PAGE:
Paru State Forest contains “multiple natural resources there, mainly Brazil nuts and timber,” Pereira said, adding that the land is important for the local economy.

The authorized activities within the area involve little to no deforestation, and any vegetation clearing is overseen by government officials to ensure minimal damage. Environmentalists are concerned about the illegal deforestation that occurs without permission and is linked to individuals who live outside the reserve.

People in Paru State Forest.
Approximately 650 people living inside the Paru State Forest are allowed to extract natural resources sustainably, such as gold and Brazil nuts, provided they have official authorization. Image © Havita Rigamonti/Imazon/Ideflor.
An excavator in Paru.
Mining and the extraction of other natural resources such as wood are permitted to locals in some parts of the Paru State Forest with the appropriate official authorization. Image © Havita Rigamonti/Imazon/Ideflor.

Protecting Paru State Forest

Ensuring compliance with sustainable practices and monitoring illegal deforestation are among the tasks of the new Paru State Forest Advisory Board overseen by Semas, the environmental agency for the state government of Pará. The board began its work in 2010 and is renewed every two years, with the latest renewal taking place in November. It’s made up of 18 members of government and civil society representatives, including NGOs, community members, researchers, and public agencies.

Its main role is to ensure adherence to the management plan, a document that guides types of permitted use of the territory. “The group is also responsible for overseeing or monitoring whether the government is really fulfilling its role,” said Pereira, who is a board councilor. “We are there as a civil society board, to treat and act in the protection of the conservation unit.”

One of the challenges the group will face in protecting the region is fraudulent land claims, said Pereira. “We identified almost 99 illegally registered properties through the Rural Environmental Registry (CAR) inside the conservation unit,” she said. Land-grabbers use a legal self-declaration system to register and legitimize stolen land, which makes it easier to trade the property even when it’s still owned by the state.

“All of this is a danger to the maintenance of this highly important conservation area,” Pereira said.

A map of the protected areas in the north of Pará state.
A map of the protected areas in the north of Pará state. The dark green areas show complete conservation, the light green (such as Paru State Forest, or “Flota do Paru,” as it is known) are areas of sustainable-use conservation, and the yellow areas are Indigenous territories. Together, they form an area of 22 million hectares (54.3 million acres). Image courtesy of Imazon.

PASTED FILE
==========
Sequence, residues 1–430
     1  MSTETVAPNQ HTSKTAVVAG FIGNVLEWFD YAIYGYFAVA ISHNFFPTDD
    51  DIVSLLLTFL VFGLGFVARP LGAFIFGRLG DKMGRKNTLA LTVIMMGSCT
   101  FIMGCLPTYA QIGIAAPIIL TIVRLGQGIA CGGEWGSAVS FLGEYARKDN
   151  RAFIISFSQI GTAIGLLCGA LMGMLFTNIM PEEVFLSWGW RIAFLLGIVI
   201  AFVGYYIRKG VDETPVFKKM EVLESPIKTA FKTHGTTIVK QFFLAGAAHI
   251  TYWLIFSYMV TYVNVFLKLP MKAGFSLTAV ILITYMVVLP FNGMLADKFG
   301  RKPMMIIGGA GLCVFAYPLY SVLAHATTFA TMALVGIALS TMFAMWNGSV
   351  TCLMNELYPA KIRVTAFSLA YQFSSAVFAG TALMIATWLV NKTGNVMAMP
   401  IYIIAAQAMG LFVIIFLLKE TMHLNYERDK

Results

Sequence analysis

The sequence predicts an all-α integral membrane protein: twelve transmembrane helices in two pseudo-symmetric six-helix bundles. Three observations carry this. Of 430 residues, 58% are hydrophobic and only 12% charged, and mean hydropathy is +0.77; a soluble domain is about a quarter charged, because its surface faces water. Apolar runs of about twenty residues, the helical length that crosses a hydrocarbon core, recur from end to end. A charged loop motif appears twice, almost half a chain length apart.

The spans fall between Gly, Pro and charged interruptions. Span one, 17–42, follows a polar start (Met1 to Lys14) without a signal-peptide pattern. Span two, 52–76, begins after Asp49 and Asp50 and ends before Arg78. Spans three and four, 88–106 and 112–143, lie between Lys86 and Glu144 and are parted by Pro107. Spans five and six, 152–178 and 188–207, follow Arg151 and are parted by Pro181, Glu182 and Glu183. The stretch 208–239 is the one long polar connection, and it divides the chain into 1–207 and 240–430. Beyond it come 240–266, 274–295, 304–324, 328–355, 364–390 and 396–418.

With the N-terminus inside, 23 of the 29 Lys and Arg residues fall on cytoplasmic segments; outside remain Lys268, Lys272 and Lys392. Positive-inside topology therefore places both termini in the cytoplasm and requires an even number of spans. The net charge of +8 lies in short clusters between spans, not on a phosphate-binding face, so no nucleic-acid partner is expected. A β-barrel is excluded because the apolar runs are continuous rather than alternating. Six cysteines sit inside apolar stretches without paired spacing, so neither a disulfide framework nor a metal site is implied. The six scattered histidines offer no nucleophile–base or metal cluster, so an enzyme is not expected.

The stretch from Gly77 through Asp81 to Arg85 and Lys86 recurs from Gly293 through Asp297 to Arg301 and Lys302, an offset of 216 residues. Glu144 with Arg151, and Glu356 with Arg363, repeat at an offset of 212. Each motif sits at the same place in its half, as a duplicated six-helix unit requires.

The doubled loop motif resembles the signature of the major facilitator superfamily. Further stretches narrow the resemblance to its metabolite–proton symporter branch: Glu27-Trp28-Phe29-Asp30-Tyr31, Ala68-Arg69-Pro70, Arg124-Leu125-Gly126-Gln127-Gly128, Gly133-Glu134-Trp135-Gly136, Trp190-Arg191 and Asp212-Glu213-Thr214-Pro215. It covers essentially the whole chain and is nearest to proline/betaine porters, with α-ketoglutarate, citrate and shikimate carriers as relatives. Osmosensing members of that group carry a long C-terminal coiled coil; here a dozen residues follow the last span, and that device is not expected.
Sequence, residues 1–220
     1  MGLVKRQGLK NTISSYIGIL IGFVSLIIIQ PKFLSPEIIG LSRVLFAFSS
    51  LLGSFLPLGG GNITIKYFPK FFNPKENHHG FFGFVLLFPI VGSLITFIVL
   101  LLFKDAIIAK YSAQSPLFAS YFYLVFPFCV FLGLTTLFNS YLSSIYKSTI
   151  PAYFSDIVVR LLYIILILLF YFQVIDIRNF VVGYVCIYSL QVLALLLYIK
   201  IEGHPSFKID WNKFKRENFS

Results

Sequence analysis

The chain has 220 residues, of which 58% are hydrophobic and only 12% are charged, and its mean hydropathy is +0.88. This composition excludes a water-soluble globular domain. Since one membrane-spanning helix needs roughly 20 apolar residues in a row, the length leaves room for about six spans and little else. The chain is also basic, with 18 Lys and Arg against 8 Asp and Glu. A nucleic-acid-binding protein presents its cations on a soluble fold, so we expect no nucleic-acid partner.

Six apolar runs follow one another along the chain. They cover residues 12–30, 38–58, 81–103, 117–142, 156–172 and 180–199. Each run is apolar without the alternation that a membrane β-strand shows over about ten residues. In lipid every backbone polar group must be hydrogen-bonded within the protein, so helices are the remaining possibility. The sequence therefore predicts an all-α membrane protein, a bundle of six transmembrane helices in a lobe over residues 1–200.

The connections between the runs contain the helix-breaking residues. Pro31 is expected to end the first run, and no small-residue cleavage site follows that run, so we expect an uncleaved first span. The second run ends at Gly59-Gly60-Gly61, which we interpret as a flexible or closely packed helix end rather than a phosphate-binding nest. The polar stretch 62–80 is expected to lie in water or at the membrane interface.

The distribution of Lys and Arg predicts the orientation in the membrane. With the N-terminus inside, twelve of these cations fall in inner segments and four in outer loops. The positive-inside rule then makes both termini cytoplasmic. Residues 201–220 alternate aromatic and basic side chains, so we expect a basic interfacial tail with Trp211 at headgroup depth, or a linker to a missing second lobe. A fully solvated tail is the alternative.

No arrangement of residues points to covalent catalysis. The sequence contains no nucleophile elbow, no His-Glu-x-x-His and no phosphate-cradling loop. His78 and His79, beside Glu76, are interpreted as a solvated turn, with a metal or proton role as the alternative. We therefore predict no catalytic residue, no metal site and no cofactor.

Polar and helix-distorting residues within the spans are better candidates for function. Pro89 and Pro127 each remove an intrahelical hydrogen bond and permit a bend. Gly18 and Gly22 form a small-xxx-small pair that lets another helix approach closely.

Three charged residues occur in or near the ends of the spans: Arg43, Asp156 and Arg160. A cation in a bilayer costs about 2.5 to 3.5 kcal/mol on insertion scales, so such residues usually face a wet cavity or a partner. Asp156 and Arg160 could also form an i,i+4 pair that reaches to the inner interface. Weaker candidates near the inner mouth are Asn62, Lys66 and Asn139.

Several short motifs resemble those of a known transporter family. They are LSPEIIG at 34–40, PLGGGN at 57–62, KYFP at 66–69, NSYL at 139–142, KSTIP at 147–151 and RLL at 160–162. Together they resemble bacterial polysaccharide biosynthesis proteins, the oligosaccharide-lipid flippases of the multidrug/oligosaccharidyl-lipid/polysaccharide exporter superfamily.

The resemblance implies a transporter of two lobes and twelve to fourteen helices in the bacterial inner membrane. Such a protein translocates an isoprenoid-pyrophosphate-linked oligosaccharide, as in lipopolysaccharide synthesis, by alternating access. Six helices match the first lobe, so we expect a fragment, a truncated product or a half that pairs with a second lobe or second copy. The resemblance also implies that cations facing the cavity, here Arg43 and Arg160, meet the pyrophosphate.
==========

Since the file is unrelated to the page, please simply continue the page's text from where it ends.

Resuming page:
Fires in the Amazon rainforest.
Fires in the Amazon rainforest in other parts of Pará in 2019. The state experienced a slight overall drop in deforestation this year after the highest levels in 2021 in more than a decade. Image © Fábio Nascimento/Greenpeace

Pará was responsible for the deforestation of 35,100 hectares (86,734 acres) in October, accounting for 56% of the 62,700 hectares (154,935 acres) deforested in the Amazon in the same period, data from Imazon show. This was the third-largest in the historical series (since 2008) for the month, second only to 2020 and 2021.

Annual data show that Pará experienced a 21% drop in its deforestation rates this year, the “result of investment in public policies that favor sustainable land use and the fight against environmental crimes,” including surveillance and stronger law enforcement actions, according to a statement from the Pará government. The state accounted for 36% of all Legal Amazon deforestation in 2022 (INPE’s deforestation year runs from August to the following July), compared with 40% in 2021.

Even with this reduction, vigilance is necessary to guarantee that protected areas remain intact, environmentalists warn. “Even with these conservation units, most are subject to exploitation of natural resources, mainly wood and ore,” Montag said. “The monitoring of mining and deforestation activities must be controlled and supervised.”

Pereira said effective conservation strategies are key to ensure the region’s continued protection. “It’s critically important as a defense strategy for protecting against climate change.”


Banner image: Researchers remain unsure as to why some red angelims grow so tall. The tallest at 88.5 meters (290 feet) high is just a little shorter than the Statue of Liberty from its pedestal, which stands at 93 meters (305 feet). Image © Havita Rigamonti/Imazon/Ideflor.